Canine Infectious Respiratory Disease Complex is on the rise in North Carolina and surrounding states. Commonly known as “Kennel Cough” CIRDC isn’t actually one disease; it’s a group of very similar symptoms that are caused by various bacteria and viruses, especially the bacteria Bordetella bronchiseptica, zooepidemicus, mycoplasma, and the viruses adenovirus, canine distemper, canine influenza, and canine herpes. The symptoms are coughing – sometimes ending in a gag, sneezing, and green or yellow discharge from the eyes or the nose.
Since it’s hard to know which exact virus or bacteria cause the disease, it’s easier to identify the symptoms as a “clinical syndrome”.
What’s In a Name? If you’re a bit overwhelmed with all the complicated names, you’ll see why it’s easy to just say “Kennel Cough”. Easy or not, “Kennel Cough” is a misleading name, because the truth is that dogs (and sometimes cats) can get CIRDC just about anywhere there are or have been other infected animals. It’s spread by:
· direct contact: Harley and Davidson greeting (as in sniffing…) each other at the park, in a store, at the inlaw’s house, or on a walk in the neighborhood.
· inhalation of cough or sneeze droplets from an infected animal: Lloyd sneezes in the elevator or a waiting room, and Harry inhales.
· exposure to items or surfaces contaminated with the bacterium/virus: Antonia leaves her favorite frisbee beside Cleo’s fence, and Cleo picks it up, hoping for a game.
What’s That Cough? A cough can be a lot of things, and CIRDC is only one of the many. When we’re looking for the cause of a cough, we’ll look for heartworms, asthma, bronchitis, collapsed trachea, and other viruses. There is no single test for CIRDC, but sometimes we can swab to determine the specific bacterium or virus.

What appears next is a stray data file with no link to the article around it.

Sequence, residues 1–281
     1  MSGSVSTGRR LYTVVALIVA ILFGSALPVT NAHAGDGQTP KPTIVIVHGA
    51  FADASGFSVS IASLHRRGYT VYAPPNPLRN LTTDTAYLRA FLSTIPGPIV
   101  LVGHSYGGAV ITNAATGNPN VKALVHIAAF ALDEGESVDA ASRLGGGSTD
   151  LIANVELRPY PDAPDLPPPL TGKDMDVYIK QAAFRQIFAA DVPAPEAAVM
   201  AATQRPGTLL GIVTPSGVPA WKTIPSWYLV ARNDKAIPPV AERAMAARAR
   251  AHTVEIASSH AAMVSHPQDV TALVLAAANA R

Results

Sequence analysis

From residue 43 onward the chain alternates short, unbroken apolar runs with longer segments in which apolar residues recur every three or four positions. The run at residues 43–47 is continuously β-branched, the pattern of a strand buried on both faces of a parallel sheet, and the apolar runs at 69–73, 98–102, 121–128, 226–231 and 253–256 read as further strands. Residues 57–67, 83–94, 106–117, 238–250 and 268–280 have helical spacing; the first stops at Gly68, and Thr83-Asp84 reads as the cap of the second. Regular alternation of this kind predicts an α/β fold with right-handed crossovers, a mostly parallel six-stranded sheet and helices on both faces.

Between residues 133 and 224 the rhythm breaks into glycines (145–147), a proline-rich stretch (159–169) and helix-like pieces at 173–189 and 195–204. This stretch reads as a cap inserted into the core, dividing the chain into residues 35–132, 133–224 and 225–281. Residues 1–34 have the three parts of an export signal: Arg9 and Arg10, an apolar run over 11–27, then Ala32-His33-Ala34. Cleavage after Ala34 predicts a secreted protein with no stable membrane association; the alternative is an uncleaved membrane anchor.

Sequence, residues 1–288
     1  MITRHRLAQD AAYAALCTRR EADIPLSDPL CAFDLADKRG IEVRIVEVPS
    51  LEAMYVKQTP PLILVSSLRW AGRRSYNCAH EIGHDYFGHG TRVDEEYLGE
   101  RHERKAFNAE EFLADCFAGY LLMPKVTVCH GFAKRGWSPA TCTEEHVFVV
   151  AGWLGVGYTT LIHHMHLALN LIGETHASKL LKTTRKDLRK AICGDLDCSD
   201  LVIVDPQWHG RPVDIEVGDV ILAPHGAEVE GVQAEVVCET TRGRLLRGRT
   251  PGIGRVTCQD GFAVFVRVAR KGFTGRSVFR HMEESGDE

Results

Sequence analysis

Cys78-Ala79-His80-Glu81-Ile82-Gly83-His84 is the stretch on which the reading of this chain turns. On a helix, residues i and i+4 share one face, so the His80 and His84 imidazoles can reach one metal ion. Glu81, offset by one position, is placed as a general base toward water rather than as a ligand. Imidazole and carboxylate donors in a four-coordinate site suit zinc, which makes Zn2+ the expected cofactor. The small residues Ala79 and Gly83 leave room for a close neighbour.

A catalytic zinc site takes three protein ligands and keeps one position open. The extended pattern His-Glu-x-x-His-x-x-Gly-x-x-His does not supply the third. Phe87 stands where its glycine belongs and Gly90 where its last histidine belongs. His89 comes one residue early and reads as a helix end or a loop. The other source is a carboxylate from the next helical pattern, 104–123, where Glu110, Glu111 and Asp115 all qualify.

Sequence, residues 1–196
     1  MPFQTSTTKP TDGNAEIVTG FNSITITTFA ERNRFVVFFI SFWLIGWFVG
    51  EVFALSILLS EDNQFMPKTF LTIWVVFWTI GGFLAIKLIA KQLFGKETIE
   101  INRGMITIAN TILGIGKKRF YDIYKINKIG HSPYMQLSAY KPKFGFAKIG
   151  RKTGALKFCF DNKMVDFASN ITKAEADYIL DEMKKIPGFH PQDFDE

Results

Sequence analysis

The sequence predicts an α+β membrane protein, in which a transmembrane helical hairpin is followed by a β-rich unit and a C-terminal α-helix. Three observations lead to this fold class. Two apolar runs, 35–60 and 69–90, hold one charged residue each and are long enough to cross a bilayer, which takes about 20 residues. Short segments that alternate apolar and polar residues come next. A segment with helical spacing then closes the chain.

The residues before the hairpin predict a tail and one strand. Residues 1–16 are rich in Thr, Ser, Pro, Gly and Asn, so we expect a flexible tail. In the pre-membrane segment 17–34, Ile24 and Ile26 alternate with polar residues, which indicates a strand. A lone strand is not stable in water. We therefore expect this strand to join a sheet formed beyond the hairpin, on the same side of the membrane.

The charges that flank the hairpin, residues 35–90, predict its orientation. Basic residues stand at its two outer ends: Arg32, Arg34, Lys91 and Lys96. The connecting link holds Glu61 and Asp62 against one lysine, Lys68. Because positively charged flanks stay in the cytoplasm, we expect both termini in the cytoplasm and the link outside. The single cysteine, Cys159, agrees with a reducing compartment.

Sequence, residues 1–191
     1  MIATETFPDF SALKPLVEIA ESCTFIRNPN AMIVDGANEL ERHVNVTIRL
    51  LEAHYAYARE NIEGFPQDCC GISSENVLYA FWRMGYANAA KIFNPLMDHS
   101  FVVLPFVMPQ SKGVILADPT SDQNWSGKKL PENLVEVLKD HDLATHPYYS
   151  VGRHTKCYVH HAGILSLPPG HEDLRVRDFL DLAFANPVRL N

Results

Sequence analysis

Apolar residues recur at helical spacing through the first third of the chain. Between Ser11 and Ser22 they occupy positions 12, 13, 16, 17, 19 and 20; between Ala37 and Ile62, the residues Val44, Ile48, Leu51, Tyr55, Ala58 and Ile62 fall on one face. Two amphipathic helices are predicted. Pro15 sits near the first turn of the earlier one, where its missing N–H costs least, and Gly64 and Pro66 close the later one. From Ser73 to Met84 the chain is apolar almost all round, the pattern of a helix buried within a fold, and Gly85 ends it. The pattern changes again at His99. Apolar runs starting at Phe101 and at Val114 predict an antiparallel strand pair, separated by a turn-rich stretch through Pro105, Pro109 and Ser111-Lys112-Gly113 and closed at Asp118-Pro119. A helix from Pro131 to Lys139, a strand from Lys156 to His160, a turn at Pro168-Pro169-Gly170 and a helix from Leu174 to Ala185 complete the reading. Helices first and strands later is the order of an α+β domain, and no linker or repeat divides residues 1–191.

What Now? If your dog has a cough, often with a dry, hacking sound that makes you think she’s trying to cough up phlegm, it could be kennel cough. You should isolate your dog from other dogs, giving time for the illness to subside. Watch the symptoms, though, and contact us if they aren’t getting better. Most often, dogs recover without treatment within three weeks. Use a harness instead of a collar when you walk your dog. Make sure your home is well ventilated, too. And remember – isolate so you can avoid spreading the virus.
We sometimes use antibiotics if we determine that your dog has a bacterial infection or may be at risk FOR A secondary bacterial on top of a viral infection. Sometimes we also prescribe cough medicine and/or anti-inflammatories.
What About Vaccines? A dog’s basic vaccines can prevent some of the infections that cause CIRDC: canine parainfluenza virus, canine adenovirus type two, canine distemper, and canine influenza. But the most common bacteria that causes the CIRDC is the Bordetella bronchiseptica. This is a separate vaccine, although it can be given to very young puppies. The Bordetella vaccine must be given every 12 months. At Town N Country, dogs who attend day care or the groomer are required to have an up to date Bordetella vaccine.
What to Do.
-If your dog has symptoms of CIRDC, call us. We’ll give you special instructions on how to bring your dog to us.
-Be aware that CIRDC is spreading.
-If your dog hasn’t been vaccinated against Bordetella, now’s the time to get it done.
The name for kennel cough has changed, but we haven’t changed our commitment to keeping your pets healthy, happy, and safe! As always, if you have any questions or concerns, call us.